I wouldn't recommend brushing with commercial pastes and the such but I have on occasion gently brushed out sweet feeds and the such with a softer brush or alfalfa pieces and the such just before a show. I have known judges to take a look at teeth as a tie breaker.

I use a soft small headed brush intended for toddlers because it's easier to aim at little pieces and you want to watch not to get their gums too much because they aren't used to it and it can cause small scratches on them that can lead to infection.

If you aren't showing then there isn't any real reason to do so and if you are concerned with your horses teeth then just make sure your vet checks them well each time they vaccinate the horse...that is the only real precaution you need.
     
    05-23-2010, 09:47 PM
  #7
Weanling
I was watching one of Cherry Hill's DVD's yesterday, and she mentioned how brushing a horses teeth to get the wads of hay out before administering oral medication was helpful. It makes it harder for them to spit anything out.

I would imagine that regular brushing would make teeth floating not such a traumatic experience as well.
     
    05-24-2010, 01:28 AM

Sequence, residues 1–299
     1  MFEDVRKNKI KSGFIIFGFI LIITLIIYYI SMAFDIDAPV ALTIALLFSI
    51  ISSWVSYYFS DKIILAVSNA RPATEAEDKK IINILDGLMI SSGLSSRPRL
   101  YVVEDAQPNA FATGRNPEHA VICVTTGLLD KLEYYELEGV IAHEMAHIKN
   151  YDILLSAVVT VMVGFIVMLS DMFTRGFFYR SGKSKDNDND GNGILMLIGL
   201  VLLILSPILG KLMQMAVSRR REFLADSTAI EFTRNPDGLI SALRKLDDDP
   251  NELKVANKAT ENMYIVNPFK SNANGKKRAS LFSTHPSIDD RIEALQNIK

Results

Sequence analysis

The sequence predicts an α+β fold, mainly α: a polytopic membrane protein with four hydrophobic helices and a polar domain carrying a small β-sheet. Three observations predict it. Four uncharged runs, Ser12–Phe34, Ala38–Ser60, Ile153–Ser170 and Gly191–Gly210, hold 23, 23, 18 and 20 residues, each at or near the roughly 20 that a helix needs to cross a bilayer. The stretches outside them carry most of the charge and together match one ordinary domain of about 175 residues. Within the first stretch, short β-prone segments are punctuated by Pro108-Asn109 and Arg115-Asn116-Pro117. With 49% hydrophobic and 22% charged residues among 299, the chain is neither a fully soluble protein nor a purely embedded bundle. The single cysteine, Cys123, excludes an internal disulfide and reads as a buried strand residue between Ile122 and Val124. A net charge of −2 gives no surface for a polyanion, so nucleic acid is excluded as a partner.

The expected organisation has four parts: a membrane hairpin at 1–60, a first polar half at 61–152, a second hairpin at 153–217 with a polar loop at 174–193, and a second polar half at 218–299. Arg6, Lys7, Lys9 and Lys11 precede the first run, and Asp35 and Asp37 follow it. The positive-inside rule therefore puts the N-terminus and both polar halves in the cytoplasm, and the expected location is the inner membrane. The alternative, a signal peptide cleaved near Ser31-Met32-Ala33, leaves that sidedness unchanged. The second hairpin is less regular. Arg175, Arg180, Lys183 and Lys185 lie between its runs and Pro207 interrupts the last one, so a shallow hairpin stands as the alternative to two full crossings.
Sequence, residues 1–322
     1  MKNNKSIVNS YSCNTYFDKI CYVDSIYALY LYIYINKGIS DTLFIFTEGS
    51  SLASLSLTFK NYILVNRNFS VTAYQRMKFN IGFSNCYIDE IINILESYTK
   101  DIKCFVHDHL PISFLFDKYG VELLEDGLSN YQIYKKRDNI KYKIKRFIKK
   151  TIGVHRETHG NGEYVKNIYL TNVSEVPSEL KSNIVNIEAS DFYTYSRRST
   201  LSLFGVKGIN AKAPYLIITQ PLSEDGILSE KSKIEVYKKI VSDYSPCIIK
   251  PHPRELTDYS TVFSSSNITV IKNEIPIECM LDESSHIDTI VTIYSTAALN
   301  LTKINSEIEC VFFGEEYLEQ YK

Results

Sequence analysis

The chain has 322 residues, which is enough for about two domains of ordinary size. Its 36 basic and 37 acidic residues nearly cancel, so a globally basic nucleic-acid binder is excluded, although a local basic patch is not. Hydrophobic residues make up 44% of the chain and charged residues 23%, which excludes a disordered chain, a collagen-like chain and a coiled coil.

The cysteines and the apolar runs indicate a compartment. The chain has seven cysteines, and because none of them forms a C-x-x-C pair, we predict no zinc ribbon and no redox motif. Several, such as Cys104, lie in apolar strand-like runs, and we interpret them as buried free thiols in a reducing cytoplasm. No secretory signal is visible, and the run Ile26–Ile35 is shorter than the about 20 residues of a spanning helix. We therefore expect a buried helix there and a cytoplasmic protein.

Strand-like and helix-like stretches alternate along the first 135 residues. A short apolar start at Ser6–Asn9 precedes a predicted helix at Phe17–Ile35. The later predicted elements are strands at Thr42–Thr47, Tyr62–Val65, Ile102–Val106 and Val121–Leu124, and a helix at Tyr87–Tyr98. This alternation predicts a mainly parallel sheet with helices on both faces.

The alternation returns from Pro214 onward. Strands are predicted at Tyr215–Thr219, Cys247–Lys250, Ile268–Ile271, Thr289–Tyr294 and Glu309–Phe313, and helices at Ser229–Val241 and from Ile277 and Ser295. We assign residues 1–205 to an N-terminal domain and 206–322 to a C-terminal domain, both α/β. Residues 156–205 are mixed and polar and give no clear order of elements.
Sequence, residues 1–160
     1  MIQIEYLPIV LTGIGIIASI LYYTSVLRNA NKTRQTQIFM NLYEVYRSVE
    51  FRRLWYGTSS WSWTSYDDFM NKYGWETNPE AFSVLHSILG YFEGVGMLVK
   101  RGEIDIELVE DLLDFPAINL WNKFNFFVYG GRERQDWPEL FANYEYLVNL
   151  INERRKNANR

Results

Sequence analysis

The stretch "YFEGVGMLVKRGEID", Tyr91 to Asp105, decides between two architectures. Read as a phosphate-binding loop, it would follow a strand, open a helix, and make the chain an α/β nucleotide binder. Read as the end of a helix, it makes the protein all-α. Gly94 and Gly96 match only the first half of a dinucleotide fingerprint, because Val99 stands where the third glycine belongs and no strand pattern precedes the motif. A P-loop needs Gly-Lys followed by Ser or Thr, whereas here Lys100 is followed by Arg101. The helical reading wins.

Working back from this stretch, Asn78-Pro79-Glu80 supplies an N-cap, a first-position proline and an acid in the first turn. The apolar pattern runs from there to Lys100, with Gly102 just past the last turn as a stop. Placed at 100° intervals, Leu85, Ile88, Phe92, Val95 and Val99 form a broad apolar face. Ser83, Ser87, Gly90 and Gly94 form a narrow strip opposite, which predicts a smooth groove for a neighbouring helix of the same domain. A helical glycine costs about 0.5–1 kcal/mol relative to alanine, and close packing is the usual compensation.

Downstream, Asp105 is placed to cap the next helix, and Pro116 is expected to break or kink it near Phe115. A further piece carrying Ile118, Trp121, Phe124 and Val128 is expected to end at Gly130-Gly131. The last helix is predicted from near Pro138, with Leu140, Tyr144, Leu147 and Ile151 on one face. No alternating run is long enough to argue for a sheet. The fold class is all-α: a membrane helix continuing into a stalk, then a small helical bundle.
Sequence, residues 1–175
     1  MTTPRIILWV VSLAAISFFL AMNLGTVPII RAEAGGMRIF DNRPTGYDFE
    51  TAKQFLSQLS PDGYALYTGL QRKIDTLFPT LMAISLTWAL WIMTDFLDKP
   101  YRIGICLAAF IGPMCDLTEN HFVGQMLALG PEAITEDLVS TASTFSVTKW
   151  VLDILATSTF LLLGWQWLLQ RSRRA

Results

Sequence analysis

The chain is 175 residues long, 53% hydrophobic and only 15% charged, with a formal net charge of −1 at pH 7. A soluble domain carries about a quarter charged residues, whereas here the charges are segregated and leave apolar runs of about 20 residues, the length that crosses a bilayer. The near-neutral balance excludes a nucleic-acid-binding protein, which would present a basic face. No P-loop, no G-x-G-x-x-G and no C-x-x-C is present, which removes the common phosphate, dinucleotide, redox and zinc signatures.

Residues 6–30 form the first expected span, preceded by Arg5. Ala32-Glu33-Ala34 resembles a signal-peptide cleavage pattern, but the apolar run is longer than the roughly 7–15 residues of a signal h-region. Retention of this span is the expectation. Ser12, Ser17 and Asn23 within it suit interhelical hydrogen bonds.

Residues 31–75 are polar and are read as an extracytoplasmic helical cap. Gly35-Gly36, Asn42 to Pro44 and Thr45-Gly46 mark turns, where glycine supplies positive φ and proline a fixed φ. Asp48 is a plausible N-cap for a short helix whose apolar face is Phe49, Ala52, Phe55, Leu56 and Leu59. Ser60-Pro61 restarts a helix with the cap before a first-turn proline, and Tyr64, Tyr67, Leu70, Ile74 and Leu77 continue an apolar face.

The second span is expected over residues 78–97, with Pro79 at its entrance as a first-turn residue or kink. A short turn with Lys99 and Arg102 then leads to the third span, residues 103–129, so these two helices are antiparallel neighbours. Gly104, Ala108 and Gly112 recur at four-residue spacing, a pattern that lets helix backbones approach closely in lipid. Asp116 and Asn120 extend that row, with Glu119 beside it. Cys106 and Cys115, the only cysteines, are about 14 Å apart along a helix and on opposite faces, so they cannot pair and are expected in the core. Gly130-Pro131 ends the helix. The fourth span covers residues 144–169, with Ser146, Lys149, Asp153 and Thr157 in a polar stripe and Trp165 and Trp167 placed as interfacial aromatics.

#8
Trained
Quote:
Originally Posted by Tennessee    
You think so? I have three that are actively competing, so I'd like them to get some protein. Two are constantly being rode by kids, me, and anyone else that comes along and wants to ride, but then the rest probably could just live off of hay and Bermuda grass.
How hard are the kids riding the horses? Just because they are moving doesn't mean they are working very hard. What are you competing in? I can use a horse pretty hard before it needs grain.

I wouldn't bother with brushing a horses teeth. I've never seen a horse that had rotten teeth. They wear down as a horse ages until they are eventually in pretty sad shape but it rarely effects thier health.
     
    05-24-2010, 09:45 AM
  #9
Started
Quote:
Originally Posted by kevinshorses    
How hard are the kids riding the horses? Just because they are moving doesn't mean they are working very hard. What are you competing in? I can use a horse pretty hard before it needs grain.

I wouldn't bother with brushing a horses teeth. I've never seen a horse that had rotten teeth. They wear down as a horse ages until they are eventually in pretty sad shape but it rarely effects thier health.
Not very hard. When I trail ride on them I push them quite a bit.

I compete in barrel racing, pole bending, straight a way, and cutting.

We compete once a week, but sometimes we skip a week, and usually they are being lightly/moderately rode during the week.
     
    05-24-2010, 01:38 PM
  #10
Trained
They probably need some grain then. Sweet feed is mostly rolled oats or barley and a little corn with some molasses poured onto it. The main reason for the molasses is so that lower quality grain can be used and it's still palatable. I like to just feed a rolled barley and corn mix when I feed grain. Any feed mill will sell it to you and it's generally cheaper.

Sweet feed isn't going to rot your horses teeth anyway.